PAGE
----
Top-ranking economists sometimes publish papers in open access journals deemed potentially “predatory,” according to a new analysis.
The findings contradict previous results that show that researchers who publish papers in “potential, possible, or probable” predatory journals (as defined by librarian Jeffrey Beall) are largely inexperienced.
According to the study, 27 of the most eminent economists (within the top 5% of their field) have published nearly 5% of their papers in predatory journals. These researchers published 31 papers in predatory journals in 2015 alone.
The finding — which is not yet peer reviewed — comes as a “big surprise,” co-author Frederick Wallace of the Gulf University for Science and Technology in West Mishref, Kuwait, told Retraction Watch.
At the end of last year, Wallace and Timothy Perri from the Appalachian State University in Boone, North Carolina noticed that 39 predatory journals were listed on the database Research Papers in Economics (RePEc). After some digging, the pair identified just under 1,300 papers published last year in predatory journals in RePEc, submitted by close to 2,800 authors.
Although only around 5% of the study’s sample authors who’d published in predatory journals (124 individuals) were registered with RePEc, 27 (around one-fifth) are listed among the top 5% of RePEc-registered authors.
Looking at the top-ranked 27 economists’ larger publication record, the authors found they have 2,120 publications (with an average of 79 papers per author); 104 (4.9%) of these studies appear in predatory journals.
Many of the authors were not just starting their careers, the study notes — at least half the 124 registered authors who published in predatory journals have extensive publishing experience:
The median period for the first publication is 2009-2010. Thus half the authors have 6+ years of experience since their first published paper.
According to “Economists behaving badly: Publications in predatory journals,” posted online in August in the Munich Personal RePEc archive, these 124 authors
have a median of eight total publications, with a median of two published papers in predatory journals, suggesting that predatory journal publications are important for the typical author.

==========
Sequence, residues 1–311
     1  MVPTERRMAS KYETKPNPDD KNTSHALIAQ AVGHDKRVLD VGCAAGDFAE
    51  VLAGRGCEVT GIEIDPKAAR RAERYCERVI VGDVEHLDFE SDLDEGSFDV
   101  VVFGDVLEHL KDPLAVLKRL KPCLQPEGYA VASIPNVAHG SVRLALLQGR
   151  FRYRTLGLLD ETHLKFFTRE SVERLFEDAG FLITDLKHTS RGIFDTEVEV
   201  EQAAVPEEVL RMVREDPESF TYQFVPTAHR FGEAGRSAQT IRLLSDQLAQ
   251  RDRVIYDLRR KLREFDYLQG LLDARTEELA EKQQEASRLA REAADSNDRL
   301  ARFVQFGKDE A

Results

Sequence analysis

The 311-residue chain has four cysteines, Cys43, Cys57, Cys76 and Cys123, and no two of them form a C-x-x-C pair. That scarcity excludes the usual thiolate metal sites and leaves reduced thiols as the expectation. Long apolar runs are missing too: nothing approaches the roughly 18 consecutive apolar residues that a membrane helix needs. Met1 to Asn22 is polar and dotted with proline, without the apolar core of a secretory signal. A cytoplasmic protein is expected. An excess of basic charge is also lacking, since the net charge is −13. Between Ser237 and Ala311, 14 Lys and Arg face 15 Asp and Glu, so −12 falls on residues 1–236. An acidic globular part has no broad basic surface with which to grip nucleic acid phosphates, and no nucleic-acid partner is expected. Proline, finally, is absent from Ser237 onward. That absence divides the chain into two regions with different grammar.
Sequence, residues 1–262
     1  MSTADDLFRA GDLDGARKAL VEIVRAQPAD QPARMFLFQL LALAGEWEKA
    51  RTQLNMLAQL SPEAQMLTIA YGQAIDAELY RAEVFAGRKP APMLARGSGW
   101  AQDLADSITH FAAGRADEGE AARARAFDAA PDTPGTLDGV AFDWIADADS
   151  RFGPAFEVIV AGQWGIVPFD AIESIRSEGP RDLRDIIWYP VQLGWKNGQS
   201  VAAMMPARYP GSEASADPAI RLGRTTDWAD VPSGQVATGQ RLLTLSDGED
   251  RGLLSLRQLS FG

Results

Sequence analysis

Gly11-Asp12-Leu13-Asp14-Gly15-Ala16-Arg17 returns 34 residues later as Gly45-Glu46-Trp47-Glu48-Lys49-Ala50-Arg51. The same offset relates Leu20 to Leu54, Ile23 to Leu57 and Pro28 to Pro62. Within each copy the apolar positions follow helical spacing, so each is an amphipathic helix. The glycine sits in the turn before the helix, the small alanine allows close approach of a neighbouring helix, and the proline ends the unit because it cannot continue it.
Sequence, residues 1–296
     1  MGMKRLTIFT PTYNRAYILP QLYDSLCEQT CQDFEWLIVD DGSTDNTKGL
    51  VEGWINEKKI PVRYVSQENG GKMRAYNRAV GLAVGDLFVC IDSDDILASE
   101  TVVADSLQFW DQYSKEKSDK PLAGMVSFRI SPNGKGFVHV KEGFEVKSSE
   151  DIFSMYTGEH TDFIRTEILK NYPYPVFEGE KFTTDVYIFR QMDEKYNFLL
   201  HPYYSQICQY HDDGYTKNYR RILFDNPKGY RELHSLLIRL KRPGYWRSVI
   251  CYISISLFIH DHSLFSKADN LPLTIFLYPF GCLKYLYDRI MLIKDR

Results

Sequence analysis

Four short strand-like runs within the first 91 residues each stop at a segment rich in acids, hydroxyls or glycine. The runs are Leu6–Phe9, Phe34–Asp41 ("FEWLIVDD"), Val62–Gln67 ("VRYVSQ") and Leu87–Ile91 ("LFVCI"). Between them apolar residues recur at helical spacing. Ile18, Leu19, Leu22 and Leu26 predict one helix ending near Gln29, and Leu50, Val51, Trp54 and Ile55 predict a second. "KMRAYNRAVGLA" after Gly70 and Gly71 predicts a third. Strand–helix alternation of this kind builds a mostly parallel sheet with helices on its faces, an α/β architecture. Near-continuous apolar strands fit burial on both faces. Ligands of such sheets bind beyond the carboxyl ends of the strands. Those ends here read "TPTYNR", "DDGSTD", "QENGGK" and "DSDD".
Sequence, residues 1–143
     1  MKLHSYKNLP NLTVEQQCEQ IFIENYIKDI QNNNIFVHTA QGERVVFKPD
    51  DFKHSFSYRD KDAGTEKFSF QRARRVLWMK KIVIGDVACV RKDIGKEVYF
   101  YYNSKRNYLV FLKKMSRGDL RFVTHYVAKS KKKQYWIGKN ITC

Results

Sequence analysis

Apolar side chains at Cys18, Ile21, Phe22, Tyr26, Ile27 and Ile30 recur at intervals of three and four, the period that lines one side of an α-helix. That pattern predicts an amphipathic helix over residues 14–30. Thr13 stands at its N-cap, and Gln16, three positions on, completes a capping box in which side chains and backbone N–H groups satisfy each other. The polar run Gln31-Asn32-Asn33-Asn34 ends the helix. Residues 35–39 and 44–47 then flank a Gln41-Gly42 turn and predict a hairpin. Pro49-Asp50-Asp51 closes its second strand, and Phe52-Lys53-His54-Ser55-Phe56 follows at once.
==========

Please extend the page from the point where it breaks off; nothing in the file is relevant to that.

In the study, the authors speculate about how prominent economists end up in predatory journals:
One possibility is that an inexperienced coauthor handled the submission and the experienced author was ignorant of the journal’s low quality. In most cases it is impossible to reject this hypothesis, but ten of the thirty-one papers published by top 5% authors in predatory journals in 2015 are single authored pieces, and another has two coauthors, both of whom are in the top 5% RePEc, so ignorance cannot be the only explanation.
Contrary to a previous paper that suggested many authors who publish in predatory journals are from developing countries, Wallace and Perri note the author list to be geographically dispersed, representing 90 different countries. Nevertheless, according to the study, eight countries account for nearly 50% of the sample studies (and slightly more than half the sample authors): Iran, United States, Nigeria, Turkey, Malaysia, Pakistan, Kenya, and China.
Wallace noted that universities have either rewarded or turned a blind eye on their faculty publishing in problematic journals. In contrast, he added, his institution has taken a stand against this practice, by not counting any publications in predatory journals towards promotions or annual evaluations.
One limitation of the study is that many predatory journals cover broad topics, so some papers included in the analysis may fall outside economics.
Mark McCabe, an economist at Boston University in Massachusetts and SKEMA Business School in Sophia Antipolis, France, raised some doubts over whether the findings truly represent how often the field’s top researchers are publishing in predatory journals. For instance, the top 5% in RePEc may not represent the true top 5% of the field, he noted:
1. In what type of non-predatory journals are these (top 5%) authors publishing papers (the difference between predatory and non-predatory can be very small)? Impact Factors? Publishers? etc. Are any of them among the top 100 journals in economics?
2. What are the institutional affiliations of [these] (top 5%) authors? Any top-ranked economics departments or business schools?
3. Where is the list of the predatory journals in which these 148 papers were published?
Actually, a broad range of people submit to predatory journals.
He added that he was also hesitant to draw too strong a conclusion from these findings:
I see this study as preliminary, and I am not sure it contains strong evidence.
Asked about the criteria RePEc uses to rank researchers, Wallace pointed us to this paper, which outlines the process RePEc uses to rate authors registered on the site using factors such as the number of papers, citations received, journal page counts, and views and downloads statistics.
Wallace argued that he believes that a high ranking in RePEC is something the field takes seriously:
I’d blow my own horn if I was listed as a top 5% researcher. I’d include it in my annual report every year.
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